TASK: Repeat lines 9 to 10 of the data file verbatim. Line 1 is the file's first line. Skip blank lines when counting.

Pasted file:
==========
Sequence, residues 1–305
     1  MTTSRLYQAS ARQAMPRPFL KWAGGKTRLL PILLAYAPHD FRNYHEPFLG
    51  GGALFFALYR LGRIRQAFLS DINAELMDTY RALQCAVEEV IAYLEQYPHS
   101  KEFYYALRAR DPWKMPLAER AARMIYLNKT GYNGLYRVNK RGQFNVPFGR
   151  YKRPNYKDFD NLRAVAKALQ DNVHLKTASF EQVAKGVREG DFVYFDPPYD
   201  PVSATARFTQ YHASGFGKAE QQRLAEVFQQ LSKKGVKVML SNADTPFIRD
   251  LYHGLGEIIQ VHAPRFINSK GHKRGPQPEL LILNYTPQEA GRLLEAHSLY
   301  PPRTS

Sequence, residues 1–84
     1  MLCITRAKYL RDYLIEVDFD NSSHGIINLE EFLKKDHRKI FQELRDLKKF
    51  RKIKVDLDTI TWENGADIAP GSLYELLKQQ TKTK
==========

Sequence, residues 1–84
     1  MLCITRAKYL RDYLIEVDFD NSSHGIINLE EFLKKDHRKI FQELRDLKKF